Hercules Backpack: Truly Wonderful
A truly wonderful backpack is gold in a society where electronics travel with you everywhere and comfort may be hard to find when traveling. Enter the Hercules backpack with a design that allows you to go through airport security without taking devices out of the pack, with a large capacity and an elegant design that lies lightly on the shoulders.
The Hercules backpack really does save considerable time and trouble at airport security, and away from the TSA concerns, it is a very well balanced, thickly padded bag that allows you to neatly organize your electronics and cords from laptop to iPad and battery charger.
It is made by ecbc, a newish company that has designed a TSA-friendly system that unzips neatly to expose devices, with no need to take them out, put them in bins or repack them. It has ample compartments for a portable office, and the company’s Portable Power Pack, at an additional $42.99, charges devices as you go. However, for the next month, the Power Pack will be free with the purchase of a Hercules, Lance, Javelin backpack or Trident Messenger Bag.
The pack has excellent zippers, and the fleece-lined pocket can accommodate up to 17-inch laptops; there’s a removable module so smaller laptops can be fitted snugly into their pocket. In addition there’s a padded iPad/Tablet pocket, a phone pocket and a ticket pocket for quick access to documents. Zippered receptacles on the side are designed for water bottles, and there are interior pockets just right for passport, pens, etc.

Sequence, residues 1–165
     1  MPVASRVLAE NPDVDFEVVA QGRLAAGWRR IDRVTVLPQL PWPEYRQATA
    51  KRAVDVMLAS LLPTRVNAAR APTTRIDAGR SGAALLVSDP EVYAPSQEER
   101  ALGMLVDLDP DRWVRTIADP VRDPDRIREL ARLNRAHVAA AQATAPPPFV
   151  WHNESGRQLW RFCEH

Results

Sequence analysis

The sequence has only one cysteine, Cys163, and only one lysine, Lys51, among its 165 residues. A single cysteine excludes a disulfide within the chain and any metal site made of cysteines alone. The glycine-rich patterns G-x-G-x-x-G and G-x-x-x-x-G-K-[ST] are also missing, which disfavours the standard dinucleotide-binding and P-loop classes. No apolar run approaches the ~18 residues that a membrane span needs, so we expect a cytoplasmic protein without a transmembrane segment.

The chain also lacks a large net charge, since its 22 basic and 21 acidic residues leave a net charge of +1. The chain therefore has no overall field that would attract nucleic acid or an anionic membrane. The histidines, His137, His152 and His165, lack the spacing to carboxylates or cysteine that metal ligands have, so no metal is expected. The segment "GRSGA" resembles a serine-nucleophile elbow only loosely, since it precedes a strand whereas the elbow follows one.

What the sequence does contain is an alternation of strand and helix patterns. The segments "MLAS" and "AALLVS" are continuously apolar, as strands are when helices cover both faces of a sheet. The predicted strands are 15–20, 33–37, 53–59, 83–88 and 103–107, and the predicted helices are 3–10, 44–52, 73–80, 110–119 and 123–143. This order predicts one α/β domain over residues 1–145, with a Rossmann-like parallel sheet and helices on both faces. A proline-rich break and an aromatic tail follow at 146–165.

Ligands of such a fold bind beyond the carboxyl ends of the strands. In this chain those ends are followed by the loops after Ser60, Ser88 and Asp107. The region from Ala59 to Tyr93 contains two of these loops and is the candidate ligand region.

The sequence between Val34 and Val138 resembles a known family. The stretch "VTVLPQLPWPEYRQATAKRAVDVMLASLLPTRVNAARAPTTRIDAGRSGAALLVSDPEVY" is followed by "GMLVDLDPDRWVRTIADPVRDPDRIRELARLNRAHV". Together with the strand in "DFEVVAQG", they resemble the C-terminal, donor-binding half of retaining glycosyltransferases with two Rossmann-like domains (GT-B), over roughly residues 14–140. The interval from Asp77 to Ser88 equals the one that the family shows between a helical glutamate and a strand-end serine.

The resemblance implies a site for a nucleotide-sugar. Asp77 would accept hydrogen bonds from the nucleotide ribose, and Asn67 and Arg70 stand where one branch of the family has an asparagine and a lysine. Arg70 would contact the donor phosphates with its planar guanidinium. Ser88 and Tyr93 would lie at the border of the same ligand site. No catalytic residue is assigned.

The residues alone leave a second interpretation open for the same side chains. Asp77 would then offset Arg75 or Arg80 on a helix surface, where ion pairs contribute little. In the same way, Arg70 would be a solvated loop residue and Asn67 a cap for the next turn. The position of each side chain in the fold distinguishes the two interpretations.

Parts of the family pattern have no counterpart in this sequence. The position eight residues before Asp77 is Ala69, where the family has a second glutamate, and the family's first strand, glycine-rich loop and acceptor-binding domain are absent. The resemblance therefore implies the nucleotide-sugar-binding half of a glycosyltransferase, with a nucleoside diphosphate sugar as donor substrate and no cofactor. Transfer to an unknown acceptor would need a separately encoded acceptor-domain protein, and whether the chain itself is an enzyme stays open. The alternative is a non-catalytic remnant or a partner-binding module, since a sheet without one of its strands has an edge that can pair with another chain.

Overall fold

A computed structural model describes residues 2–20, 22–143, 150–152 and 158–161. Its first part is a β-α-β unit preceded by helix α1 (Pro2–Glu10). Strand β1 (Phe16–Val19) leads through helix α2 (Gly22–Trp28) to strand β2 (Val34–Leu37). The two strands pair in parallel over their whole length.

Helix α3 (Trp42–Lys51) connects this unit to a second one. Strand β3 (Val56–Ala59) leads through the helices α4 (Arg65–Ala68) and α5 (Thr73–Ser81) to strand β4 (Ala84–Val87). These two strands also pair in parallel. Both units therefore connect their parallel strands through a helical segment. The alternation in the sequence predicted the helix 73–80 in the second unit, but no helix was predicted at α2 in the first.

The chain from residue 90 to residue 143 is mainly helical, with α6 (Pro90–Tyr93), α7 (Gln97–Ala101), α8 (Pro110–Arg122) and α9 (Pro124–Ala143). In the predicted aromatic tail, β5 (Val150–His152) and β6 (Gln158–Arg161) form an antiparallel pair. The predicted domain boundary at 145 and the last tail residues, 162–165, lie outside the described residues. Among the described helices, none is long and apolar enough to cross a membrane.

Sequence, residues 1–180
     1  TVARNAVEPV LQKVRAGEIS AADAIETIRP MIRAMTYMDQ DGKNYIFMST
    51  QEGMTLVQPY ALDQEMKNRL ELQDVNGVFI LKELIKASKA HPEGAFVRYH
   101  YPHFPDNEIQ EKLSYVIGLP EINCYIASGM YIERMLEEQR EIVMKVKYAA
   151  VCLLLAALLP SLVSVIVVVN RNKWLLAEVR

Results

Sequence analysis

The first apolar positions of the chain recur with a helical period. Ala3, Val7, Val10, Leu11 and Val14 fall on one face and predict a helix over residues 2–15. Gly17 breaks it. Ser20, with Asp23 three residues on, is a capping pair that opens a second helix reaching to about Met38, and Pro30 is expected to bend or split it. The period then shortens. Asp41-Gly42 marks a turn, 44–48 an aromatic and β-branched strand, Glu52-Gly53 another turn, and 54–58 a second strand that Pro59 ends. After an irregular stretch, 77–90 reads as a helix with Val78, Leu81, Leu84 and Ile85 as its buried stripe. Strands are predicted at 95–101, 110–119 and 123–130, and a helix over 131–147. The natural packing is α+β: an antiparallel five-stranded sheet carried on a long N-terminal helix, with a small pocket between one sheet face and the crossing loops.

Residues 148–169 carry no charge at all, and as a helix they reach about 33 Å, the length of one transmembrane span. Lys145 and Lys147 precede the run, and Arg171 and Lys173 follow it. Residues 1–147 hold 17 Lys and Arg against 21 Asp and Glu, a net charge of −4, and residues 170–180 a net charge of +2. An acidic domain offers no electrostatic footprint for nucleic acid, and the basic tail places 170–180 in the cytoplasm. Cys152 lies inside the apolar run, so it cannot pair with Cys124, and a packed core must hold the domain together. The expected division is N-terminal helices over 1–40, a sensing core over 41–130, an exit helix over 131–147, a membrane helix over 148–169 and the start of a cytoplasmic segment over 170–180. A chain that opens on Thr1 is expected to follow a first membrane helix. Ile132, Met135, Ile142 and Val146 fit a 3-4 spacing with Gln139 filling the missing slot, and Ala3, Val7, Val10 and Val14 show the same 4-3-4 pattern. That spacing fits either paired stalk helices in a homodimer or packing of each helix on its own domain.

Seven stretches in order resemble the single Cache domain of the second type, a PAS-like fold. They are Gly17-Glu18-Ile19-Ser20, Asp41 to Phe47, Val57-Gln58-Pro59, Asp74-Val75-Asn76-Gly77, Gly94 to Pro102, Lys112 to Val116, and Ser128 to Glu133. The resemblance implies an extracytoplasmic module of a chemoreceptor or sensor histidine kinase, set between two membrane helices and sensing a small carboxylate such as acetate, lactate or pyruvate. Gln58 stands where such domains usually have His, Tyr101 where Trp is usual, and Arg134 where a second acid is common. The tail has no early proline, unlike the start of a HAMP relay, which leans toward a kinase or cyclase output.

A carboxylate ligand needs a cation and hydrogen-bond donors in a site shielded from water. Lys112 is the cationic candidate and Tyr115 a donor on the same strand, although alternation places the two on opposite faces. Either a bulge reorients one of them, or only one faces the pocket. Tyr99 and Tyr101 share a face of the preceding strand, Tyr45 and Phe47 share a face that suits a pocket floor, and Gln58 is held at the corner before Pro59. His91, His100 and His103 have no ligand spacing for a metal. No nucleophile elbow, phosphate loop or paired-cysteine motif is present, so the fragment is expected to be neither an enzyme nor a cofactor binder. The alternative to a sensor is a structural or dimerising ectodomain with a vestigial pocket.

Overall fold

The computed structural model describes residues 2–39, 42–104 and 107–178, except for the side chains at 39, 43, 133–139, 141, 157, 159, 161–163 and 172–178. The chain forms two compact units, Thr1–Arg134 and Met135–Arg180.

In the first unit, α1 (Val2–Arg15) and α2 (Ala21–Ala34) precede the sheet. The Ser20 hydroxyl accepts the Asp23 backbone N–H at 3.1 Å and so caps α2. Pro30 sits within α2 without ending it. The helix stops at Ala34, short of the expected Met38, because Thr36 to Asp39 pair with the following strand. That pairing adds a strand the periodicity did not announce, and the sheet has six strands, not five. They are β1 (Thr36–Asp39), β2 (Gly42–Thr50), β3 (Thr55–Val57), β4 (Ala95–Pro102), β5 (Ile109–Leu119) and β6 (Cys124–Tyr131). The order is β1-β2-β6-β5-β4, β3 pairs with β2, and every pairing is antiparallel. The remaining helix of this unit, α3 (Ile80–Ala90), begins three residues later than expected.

I took mine on three successive trips: one to the heat of the Caribbean, one to Miami’s humidity and one to Northern Europe’s chilly spring rain. In the tropics I appreciated the moisture wicking air mesh on the back panel; despite the thickness of the pack, I was cool after a hike. The adjustable, padded shoulder straps keep the pack comfortable even when fully loaded, and a padded top handle allowed me to set it on my wheeled suitcase. There’s a sternum strap to keep it balanced where it should be on longer hikes, and a lanyard to keep keys handy.
The manufacturers claim that the pack, which comes in five colors, is nearly indestructible with its Kodra nylon composition. I can’t attest to that yet, but my natural linen color pack, having gone through six airline flights with me, under the seat in front of mine, looks as new and fresh as when I first picked it up, which is remarkable. The stitching held perfectly with a considerable load of electronics, clothing and books, and I went through some heavy showers with all the contents staying perfectly dry.
At $139.99, the backpack is pricey, but for your back’s health and the time you save in security, it’s well worth it.